The U.S. Food and Drug Administration (FDA) announced the results of a study on the presence of per- and polyfluoroalkyl substances (PFAS) in processed foods, including baby foods. Out of 167 samples, three products had detectable levels of PFAS, the agency stated, and the amounts were not elevated to a level of concern. "Based on the best available current science, the FDA has no scientific evidence that the levels of PFAS found in the samples tested indicate a need to avoid any particular food in the food supply." “The FDA’s testing for certain PFAS in such a wide range of foods available, including those commonly eaten by babies and young children, is among the first study of its kind,” said Acting FDA Commissioner Janet Woodcock in a press release. “Although our studies to date, including these newly released results, do not suggest that there is any need to avoid particular…

The Center for Science in the Public Interest has joined three other advocacy groups and four poultry producers to urge the U.S. Department of Agriculture (USDA) to update poultry food safety standards. "While progress on reducing foodborne illness has been at a standstill, scientific knowledge of Salmonella has greatly increased and recognized best practices for Campylobacter and other pathogens have advanced. Science tells us that current performance standards do not effectively target the particular types of Salmonella and the levels of bacteria that pose the greatest risks of illness, and the overall regulatory framework does not adequately harness modern tools for preventing and verifying control of the bacteria that are making people sick," the letter to Secretary Tom Vilsack states. "In order to finally make public health progress on Salmonella and Campylobacter illnesses and meet the Healthy People 2030 targets, significant change in the [Food Safety and Inspection Service (FSIS)]…

Snyder's-Lance Inc. has voluntarily dismissed a lawsuit seeking to appeal a decision holding that it could not trademark "Pretzel Crisps" as a name for its product, which Frito-Lay North America Inc. had challenged before the Trademark Trial and Appeal Board. Snyder's-Lance Inc. v. Frito-Lay N. Am. Inc., No. 21-1758 (4th Cir., filed August 31, 2021). The dismissal concludes years-long litigation disputing whether the "Pretzel Crisps" mark was too generic to be registered. An appeal of a lower court's ruling that the term is generic had been pending until Snyder's-Lance's voluntary dismissal.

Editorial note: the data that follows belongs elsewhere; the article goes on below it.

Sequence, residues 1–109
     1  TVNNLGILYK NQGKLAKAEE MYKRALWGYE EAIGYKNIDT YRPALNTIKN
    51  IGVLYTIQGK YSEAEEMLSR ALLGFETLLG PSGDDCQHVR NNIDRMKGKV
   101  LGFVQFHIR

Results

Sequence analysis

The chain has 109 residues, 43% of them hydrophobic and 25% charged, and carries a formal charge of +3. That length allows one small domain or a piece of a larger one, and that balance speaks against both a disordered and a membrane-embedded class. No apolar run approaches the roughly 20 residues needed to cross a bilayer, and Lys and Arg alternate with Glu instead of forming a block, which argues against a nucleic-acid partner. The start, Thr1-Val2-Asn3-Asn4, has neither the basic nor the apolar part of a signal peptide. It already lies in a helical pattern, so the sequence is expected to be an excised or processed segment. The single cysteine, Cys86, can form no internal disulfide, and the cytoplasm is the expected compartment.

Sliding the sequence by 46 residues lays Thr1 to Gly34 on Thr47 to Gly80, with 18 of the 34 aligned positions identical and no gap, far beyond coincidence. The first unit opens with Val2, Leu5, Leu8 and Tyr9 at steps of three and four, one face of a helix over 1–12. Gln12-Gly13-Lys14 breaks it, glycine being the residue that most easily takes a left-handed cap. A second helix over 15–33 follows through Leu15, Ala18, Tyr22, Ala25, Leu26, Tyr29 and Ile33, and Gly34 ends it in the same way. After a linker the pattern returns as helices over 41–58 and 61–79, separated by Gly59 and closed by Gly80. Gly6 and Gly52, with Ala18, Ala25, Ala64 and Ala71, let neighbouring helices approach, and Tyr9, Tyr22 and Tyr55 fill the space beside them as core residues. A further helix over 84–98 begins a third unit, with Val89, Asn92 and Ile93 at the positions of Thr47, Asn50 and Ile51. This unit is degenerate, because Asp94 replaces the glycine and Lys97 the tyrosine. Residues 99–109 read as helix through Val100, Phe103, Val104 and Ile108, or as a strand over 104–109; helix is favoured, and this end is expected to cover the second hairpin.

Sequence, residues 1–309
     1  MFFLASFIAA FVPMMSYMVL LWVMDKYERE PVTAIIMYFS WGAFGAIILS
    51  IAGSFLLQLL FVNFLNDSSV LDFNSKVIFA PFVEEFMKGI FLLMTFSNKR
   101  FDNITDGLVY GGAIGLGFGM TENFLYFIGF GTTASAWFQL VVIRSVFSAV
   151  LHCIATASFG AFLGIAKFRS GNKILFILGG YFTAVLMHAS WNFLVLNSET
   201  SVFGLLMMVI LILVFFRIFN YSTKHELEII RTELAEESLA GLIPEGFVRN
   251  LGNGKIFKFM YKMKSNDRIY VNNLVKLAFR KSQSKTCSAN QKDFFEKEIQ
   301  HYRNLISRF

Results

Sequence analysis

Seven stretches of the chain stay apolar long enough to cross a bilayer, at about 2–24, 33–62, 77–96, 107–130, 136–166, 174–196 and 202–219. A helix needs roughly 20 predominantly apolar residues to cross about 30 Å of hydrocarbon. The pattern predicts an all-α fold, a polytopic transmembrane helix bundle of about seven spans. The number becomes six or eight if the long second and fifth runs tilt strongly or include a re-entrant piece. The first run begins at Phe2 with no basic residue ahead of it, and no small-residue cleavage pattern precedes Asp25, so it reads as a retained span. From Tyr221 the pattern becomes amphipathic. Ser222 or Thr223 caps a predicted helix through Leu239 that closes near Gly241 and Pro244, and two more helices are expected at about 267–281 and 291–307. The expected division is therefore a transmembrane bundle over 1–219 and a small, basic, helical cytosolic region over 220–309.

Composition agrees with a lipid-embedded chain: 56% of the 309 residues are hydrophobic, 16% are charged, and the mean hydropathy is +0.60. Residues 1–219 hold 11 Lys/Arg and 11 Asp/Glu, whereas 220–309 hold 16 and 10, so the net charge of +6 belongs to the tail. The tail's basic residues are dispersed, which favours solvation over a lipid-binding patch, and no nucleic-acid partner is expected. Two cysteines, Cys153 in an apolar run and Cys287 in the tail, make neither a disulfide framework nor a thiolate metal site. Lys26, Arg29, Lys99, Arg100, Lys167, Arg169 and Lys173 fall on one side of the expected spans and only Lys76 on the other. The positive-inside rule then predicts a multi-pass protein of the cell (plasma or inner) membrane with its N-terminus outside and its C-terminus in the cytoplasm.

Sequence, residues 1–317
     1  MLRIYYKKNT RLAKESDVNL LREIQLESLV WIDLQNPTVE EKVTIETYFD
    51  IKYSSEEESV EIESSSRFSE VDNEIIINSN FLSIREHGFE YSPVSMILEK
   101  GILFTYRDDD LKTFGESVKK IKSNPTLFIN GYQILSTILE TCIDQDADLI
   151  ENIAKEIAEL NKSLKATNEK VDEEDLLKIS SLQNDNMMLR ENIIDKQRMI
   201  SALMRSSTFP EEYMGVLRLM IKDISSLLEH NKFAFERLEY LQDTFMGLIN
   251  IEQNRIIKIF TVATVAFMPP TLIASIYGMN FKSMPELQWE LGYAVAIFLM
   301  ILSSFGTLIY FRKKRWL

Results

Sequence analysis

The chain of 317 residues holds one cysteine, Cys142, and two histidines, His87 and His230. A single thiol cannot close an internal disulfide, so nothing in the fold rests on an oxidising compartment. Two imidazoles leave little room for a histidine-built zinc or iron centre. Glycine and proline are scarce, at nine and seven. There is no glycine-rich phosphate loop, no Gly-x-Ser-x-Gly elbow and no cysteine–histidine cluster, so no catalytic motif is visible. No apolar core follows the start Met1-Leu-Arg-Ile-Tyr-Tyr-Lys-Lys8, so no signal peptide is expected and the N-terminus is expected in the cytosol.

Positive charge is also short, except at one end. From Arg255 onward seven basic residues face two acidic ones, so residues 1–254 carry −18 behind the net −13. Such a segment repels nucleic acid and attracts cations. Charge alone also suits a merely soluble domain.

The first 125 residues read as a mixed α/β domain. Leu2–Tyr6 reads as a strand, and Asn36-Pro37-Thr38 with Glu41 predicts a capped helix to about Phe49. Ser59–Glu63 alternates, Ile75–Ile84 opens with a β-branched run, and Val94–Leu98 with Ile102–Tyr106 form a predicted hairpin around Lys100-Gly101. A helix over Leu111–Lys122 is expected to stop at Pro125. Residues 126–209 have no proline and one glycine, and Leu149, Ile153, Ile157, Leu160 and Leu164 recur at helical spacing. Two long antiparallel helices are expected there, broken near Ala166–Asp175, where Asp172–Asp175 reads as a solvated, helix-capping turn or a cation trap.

Shook Partner Cary Silverman joined the U.S. Chamber Institute for Legal Reform's (ILR's) Oriana Senatore for an episode of the organization's podcast Cause for Action to discuss his work preparing "The Food Court: Developments in Litigation Targeting Food and Beverage Marketing." Senatore asks Silverman,  "Can you give us a flavor for this litigation? What types of food lawsuits are courts seeing and what is driving this increase?" "Flavor is exactly the right word, because that's the type of lawsuits that we're seeing most recently," Silverman explains. "Lawsuits that are concentrating on the flavoring or the ingredients of products seem to be, as one might say, the 'flavor of the month' of this type of litigation. We've seen, in our 2017 paper,  there were certain types of lawsuits, like slack fill, that were sort of the rage a couple of years ago. While those have fallen to the wayside for various…

Shook Partner Cary Silverman, Partner Jim Muehlberger and Of Counsel Adriana Paris have authored a report on behalf of the U.S. Chamber Institute for Legal Reform on food and beverage marketing. The executive summary appears below, with permission from the Institute for Legal Reform. For additional reading on this subject, please see Muehlberger and Silverman's August 10, 2021, Law360 article, "TransUnion Ruling Should Help Curb DC Consumer Claims" (PDF download also available). Lawsuits targeting food and beverage labeling have reached record levels. The unrelenting surge of class actions results from imaginative, shakedown lawsuits generated by a relatively small group of attorneys. Four years ago, the U.S. Chamber Institute for Legal Reform (ILR) documented a dramatic rise in food and beverage marketing litigation. Since that time, the number of food class actions has continued to rise, and the COVID-19 pandemic did nothing to slow them down. This paper explores the latest…